Good Football – Sport-Journal

We are passionate about winning but some also like good football. Especially if we talk about Barça and even more if it is Xavi coach. The Madri

We are passionate about winning but some also like good football. Especially if we talk about Barça and even more if it is Xavi coach. The Madrid wins: but does not play well. And the Athletic manages to raise the title of League: but playing as he plays Cholo. We want everything and that is why we compare the cons of Madrid, with the nice substitute game of Barça even if he cannot and Cholo’s desire to play what he does not know.

One would have to wonder what it means to play good football. Is it practicing a highly creative style, where control of the ball prevails above all else, maintaining speed and making opponents run after the ball? Or have several players with the ability to outwit opponents and the ability to play in the center of the field or even in front?

Opinions are like the navel, everyone has one. For me, good football is something else. It is the one that is played in Uganda Out of passion for sports, without charging a penny, barefoot, in fields that are not fields, with branches as goals, giving everything, without half parts and with a desire to never finish. It is the one played in Valencia, with women victims of gender violence, people with mental illness and people from other countries. Or the one that is practiced in Bolivia by indigenous mothers. Or that of the parks California, where Mexicans who spend all day in the field picking strawberries and who will never be able to play like professionals in USES would contribute a lot to the MLS. A football without referees and without VAR that works perfectly.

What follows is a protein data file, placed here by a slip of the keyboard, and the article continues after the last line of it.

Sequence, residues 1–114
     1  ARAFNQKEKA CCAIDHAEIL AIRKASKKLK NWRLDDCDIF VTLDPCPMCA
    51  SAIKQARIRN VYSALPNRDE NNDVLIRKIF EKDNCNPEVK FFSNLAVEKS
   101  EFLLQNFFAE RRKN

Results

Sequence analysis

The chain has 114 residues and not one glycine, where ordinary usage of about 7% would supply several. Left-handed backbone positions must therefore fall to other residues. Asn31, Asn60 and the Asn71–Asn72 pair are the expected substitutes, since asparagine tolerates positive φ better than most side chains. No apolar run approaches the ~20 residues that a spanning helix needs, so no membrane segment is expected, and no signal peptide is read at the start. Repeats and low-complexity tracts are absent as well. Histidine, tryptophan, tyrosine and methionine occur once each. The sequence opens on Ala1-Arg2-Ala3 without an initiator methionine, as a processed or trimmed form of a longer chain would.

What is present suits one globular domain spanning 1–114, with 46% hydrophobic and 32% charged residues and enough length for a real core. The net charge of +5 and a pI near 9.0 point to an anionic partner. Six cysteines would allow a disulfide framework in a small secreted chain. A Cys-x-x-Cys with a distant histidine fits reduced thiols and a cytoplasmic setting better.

It is a football with a third time, where everyone smiles. You know athletes who, if their luck had been different, would play with those who play good soccer or win marathons. They are farmers, herders, people with schizophrenia, mothers, women with AIDS… That with tired legs and diminished hopes, they run more than those who have nutritionists and physical trainers.

As a show it’s hard to beat. It is natural, imperfect, messy, without conditions, without fear of injury and exciting. A mix of 80s football with hints of the Premier and the Bundesliga. An illusion of how football should be.

I remember Julius, who at the age of 11 had to abandon Sudan escaping from war. He came to Uganda and is surviving as best he can. When I see him going to court, stealing, scoring headlong, with that power that he carries in his veins, I think: “Oh my god what a piece of central …” and “what a pity that the world can’t enjoy his talent.”

If many of them had the means that we have here, uffff … there would be more Messis and more Usain bolts But if they don’t even get the vaccines that we have left over, it is unlikely that one day they will have adequate food, a ball or soccer boots. In the meantime, let the show go on! Excellence can cause admiration. But it is the naturalness and imperfections that move and generate smiles.